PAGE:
South African scientists have found that the coronavirus strain Omicron is associated with a lower risk of hospitalization and severe disease for infected people compared to the Delta mutation. The experts came to this conclusion during a joint study by the National Institute of Infectious Diseases, the University of the Witwatersrand, the University of KwaZulu-Natal and other major research institutions, Reuters reports.
"Compellingly, together our data really suggest a positive story of a reduced severity of Omicron compared to other variants," one of the study's authors Professor of the National Institute for Communicable Diseases (NICD) Cheryl Cohen stated.
According to her, these facts were further confirmed by surveillance data, which show significantly fewer hospitalizations and deaths during the current wave of pandemics in Africa caused by Omicron than in previous ones.
The study found that the rate of hospitalization among people who were diagnosed with Omicron in South Africa between October 1 and November 30 was 80% lower than those diagnosed with another strain during the same period. Patients with Omicron who were hospitalized during this period had the same chance of developing a serious illness as patients with other variants of the virus. However, people hospitalized with Omicron in October-November were 70% less likely to develop severe disease than patients hospitalized with Delta between April and November.
Cohen believes that the results of the study can be extended to other countries in sub-Saharan Africa, which also have a very high rate of Covid-19 disease.
The authors of the experiment made several reservations and urged not to jump to conclusions about the internal characteristics of Omicron.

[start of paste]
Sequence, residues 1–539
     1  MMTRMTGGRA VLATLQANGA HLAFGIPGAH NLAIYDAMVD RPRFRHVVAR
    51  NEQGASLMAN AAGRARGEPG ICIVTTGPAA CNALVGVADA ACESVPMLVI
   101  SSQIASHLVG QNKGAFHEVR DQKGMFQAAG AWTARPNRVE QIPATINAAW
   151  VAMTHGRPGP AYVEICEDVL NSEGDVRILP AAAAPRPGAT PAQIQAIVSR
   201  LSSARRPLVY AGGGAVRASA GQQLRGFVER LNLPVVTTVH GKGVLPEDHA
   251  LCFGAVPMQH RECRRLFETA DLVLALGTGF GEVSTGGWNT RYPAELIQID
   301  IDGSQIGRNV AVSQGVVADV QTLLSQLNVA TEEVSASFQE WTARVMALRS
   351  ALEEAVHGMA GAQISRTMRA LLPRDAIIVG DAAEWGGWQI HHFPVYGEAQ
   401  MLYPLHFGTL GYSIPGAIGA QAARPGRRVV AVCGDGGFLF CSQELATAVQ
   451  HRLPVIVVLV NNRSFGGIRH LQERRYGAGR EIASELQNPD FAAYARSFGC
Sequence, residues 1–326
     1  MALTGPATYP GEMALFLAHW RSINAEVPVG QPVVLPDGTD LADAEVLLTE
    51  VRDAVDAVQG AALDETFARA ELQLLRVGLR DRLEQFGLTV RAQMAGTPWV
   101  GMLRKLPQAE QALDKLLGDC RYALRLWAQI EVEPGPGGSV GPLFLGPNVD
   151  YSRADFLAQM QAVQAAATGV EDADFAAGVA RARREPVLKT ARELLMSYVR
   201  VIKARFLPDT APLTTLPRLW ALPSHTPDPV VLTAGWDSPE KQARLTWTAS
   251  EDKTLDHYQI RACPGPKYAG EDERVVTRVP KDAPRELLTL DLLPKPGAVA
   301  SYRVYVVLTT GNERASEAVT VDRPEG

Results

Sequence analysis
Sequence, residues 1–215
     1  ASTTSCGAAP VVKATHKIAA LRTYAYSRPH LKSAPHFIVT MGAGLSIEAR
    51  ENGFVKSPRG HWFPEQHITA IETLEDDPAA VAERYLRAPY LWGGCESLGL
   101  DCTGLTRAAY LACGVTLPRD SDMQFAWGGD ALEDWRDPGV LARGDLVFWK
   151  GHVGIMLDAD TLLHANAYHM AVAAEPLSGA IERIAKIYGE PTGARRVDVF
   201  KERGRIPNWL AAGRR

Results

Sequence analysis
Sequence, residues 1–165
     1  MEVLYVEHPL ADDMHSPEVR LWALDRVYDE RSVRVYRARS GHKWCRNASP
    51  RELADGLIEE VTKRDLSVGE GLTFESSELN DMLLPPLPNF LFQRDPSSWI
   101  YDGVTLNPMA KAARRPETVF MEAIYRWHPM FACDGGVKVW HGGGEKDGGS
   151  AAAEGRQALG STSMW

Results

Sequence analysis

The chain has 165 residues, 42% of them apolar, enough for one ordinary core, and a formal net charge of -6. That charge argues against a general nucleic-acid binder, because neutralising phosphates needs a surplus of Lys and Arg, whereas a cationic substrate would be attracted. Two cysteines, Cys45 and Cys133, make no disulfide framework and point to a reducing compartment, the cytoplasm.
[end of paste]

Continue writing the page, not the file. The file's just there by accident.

Cohen estimates that between 60% and 70% of people in South Africa have previously been infected with coronavirus. Paul Hunter, a professor of medicine at the University of East Anglia in Britain, said that comparing Omicron data in one period with Delta in an earlier period made it difficult to determine whether a reduction in hospitalization was associated with lower virulence in Omicron or with an increased immunity of the population.
"To a certain extent this does not matter to the patient who only cares that they won't get very sick. But it is important to know to enable improved understanding of the likely pressures on health services," Hunter said.
As it was reported, British scientists have recently discovered a new B.1.1.529 Covid variant that has 32 mutations in the spike protein. This part of the virus is used by most vaccines to prime the immune system against Covid. The WHO Technical Advisory Group on SARS-CoV-2 Virus Evolution (TAG-VE) has named the coronavirus strain B.1.1.529 "Omicron". Omicron could replace the Delta strain and become the most dominant one across the world.
The new strain of coronavirus has already been found in a number of countries. In particular, Omicron has been recorded in South Africa, Australia, Israel, The Netherlands, Canada.
Earlier, the G7 named the Omicron coronavirus strain as the biggest current global public health threat.